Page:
INDIANAPOLIS (WISH) – As we honor our fallen heroes, 24-Hour News 8 also wants to honor their mothers. Gold Star Mothers is an organization made up of mothers who have lost a child in service to our country.
Becky Johnson is a Gold Star mother living in Indianapolis.
Almost every inch of Johnson’s home is decorated with her son’s accomplishments. Some of them big, like his medals and certificates from his time in the Army, but to Johnson, no accomplishment is small. She still displays her son’s trophies from elementary academic and music competitions. The mementos each represent a memory. She treasures all the memories of her son – even the painful ones.
“When he came to me and told me he had joined the Army, I immediately thought, ‘Oh my Gosh. What have you done?’ We’re in a war,’” said Johnson.
Her son, Gary Lee Woods Junior enlisted in the Army in 2003. Johnson said he had been laid off from two jobs, and believed it was the best way to eventually get to college and study music.
“At some point in time, he had changed from being my little boy…to one heck of a man,” said Johnson.
It wasn’t long, before Woods was in Iraq. Johnson remembers the sleepless nights full of worry.
“Every time the phone rang, I jumped…you know?,” said Johnson.
A few months later, Woods was back in the United States. Johnson was there to welcome him home. But all too soon, his second deployment rolled around.
“He had already returned from one [deployment], and he had promised he’d return from this one…you as a mother — you get a little confidence after that first one,” said Johnson.
Woods kept that promise and returned home safely. Johnson refused to see her son off on his first two deployments. She’d visit him the week before, and go back home a few days before Woods went overseas. She couldn’t bring herself to watch him leave.
“I found that it was easier for me to walk away from him, you know — I thought ‘I don’t think I could see him standing there, and watch him walk away’,” said Johnson.
They’d keep in touch with quick calls or video messages. Johnson showed us a video Woods sent her in December of 2008.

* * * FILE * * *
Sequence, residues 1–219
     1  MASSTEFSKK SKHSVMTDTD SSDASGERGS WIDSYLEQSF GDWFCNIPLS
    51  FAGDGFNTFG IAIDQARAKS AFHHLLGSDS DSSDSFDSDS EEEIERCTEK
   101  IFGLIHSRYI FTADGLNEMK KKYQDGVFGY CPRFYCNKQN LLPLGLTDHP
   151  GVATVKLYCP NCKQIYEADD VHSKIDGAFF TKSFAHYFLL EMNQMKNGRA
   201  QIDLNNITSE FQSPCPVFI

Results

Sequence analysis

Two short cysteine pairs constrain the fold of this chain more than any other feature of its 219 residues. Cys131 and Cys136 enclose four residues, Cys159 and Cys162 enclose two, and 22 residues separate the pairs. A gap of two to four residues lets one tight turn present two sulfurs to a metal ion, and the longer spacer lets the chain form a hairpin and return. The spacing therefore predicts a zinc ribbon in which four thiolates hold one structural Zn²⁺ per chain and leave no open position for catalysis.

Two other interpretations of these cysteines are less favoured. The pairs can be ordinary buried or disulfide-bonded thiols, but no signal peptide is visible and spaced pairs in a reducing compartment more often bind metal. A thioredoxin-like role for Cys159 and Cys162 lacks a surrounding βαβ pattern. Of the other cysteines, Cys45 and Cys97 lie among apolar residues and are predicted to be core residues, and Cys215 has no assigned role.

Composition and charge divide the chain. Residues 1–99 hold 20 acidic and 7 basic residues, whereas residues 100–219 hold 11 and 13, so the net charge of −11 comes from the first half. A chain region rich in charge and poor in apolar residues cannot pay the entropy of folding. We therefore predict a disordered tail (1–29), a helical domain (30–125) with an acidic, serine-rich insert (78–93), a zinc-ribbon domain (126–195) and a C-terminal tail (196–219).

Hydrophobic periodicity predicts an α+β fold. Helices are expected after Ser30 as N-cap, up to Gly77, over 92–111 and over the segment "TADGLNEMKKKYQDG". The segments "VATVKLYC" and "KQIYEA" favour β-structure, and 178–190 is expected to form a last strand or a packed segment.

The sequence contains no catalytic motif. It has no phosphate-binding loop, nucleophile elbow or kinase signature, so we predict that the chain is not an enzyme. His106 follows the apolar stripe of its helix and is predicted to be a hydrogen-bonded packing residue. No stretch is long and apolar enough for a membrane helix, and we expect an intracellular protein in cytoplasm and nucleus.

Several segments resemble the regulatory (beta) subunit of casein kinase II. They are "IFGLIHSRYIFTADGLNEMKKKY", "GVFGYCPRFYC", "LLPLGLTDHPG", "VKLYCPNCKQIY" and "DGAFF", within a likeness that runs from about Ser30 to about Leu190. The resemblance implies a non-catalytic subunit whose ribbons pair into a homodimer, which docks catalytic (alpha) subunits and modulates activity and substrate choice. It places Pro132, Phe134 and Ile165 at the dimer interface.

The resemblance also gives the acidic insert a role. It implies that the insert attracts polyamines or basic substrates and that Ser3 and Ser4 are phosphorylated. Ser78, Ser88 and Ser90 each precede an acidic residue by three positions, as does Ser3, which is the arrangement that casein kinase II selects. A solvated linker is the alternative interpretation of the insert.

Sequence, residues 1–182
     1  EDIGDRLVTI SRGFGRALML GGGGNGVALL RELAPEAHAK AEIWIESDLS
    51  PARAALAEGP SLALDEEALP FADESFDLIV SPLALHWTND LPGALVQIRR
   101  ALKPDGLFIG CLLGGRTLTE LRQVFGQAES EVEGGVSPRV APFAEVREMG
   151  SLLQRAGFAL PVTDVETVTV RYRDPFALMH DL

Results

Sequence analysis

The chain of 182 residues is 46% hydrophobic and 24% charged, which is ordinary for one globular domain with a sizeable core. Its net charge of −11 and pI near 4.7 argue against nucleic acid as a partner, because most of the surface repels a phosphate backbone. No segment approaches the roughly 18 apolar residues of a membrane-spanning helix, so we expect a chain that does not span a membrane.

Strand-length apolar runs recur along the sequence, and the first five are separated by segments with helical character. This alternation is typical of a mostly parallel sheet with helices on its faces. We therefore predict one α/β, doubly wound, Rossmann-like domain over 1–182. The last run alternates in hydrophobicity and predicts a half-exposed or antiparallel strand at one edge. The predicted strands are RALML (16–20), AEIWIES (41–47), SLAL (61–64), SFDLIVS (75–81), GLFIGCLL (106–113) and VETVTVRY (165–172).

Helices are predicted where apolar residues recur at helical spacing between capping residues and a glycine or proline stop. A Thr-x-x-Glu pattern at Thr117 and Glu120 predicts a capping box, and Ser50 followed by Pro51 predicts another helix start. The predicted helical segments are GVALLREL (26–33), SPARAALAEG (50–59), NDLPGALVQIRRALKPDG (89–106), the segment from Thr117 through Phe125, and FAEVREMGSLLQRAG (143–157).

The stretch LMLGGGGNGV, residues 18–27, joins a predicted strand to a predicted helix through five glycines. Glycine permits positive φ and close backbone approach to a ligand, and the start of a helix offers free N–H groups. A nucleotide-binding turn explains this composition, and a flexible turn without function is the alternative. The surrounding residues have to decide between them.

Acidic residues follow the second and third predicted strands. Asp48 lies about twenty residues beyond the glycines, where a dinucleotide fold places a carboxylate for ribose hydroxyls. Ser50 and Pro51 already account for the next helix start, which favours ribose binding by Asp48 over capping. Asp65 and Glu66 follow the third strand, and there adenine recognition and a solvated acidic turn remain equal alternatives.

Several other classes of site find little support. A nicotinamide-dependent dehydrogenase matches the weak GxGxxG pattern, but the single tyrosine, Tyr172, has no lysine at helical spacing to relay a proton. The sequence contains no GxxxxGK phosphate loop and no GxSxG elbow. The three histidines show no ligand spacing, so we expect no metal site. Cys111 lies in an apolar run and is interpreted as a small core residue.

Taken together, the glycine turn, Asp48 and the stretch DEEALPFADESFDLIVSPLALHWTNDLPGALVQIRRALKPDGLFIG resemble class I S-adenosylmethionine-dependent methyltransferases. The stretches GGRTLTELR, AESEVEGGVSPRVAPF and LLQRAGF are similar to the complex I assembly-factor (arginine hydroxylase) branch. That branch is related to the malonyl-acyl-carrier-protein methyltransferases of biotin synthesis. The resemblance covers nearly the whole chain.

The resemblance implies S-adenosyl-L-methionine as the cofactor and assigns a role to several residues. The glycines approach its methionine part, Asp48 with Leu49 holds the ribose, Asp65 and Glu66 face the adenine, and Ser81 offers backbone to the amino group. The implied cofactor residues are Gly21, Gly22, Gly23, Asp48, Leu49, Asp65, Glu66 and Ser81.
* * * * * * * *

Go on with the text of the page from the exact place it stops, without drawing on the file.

“I just wanted to wish all my family a Merry Christmas and happy holidays, I hope to see you all soon,” said Woods.
Johnson still doesn’t know why, but she was there to say goodbye on Woods’ third deployment.
“I thought that was the hardest thing I’d ever done in my life. I had a lump in my throat, I couldn’t swallow, I couldn’t breathe. Only to find out months later that, that was not the hardest thing I’d ever go through,” said Johnson.
Someone snapped a photo of their tender goodbye. She has hundreds of photos of her son, but that picture is now her most precious.
“That’s the picture. That is the last time I got to touch my son,” said Johnson.
A suicide bomber killed Woods and four other soldiers on April 10, 2009. Now, she clings to the missed calls that turned out to be a blessing. Johnson pieced together bits of the messages her son left on her answering machine while he was overseas. A stuffed bear now plays the recording.
“Hey Mom, just thought I’d leave you a little message so you can hear my voice while I’m gone. I love and miss you,” said Woods in the recording.
After his death, letters poured in from generals, politicians and strangers. Johnson displays them in frames or in a photo album. She also keeps in touch with Woods’ friends, and the families of the other soldiers who died with him.
“It’s a family that you never want to join, but you’re so happy to have them around,” said Johnson.
Mostly, Johnson leans on other mothers who have earned the gold star.
“To know that you’re in in a room full of people that know exactly how you feel, and have been where you’ve been.. there’s something to say about that….It’s like a lifeline,” said Johnson.
Johnson said the Gold Star Mothers organization has been a support system since her son’s death.
“There are literally so many of us, that we say we’re sisters,” said Johnson.
The Gold Star Mothers in Indianapolis host regular meetings, and talk about ways they can help other military families. They’re now planning a Gold Star memorial for downtown Indianapolis.
Johnson is taking on a special project of her own. She’s renovating her son’s old house in Colorado, to rent to veterans. She said she plans to use the money she makes to start a scholarship in her son’s name.
“He didn’t get to go to college, because he couldn’t…his jobs laid him off and he couldn’t save up enough money to go to college. So I want to help another kid that’s in his same position and can’t afford to go to school and feels like they have to join the military just to get the education,” said Johnson, “I want to give them the chance to get the education first, and then if they still want to join the military — great. But get the education first.”
Johnson has one request for everyone reading or watching, on behalf of all Gold Star Mothers.
She asked that everyone talk about her son, and the other military members who have died in service. Johnson said the Gold Star mothers will never forget their children, but they need to know everyone else will also remember their children lived.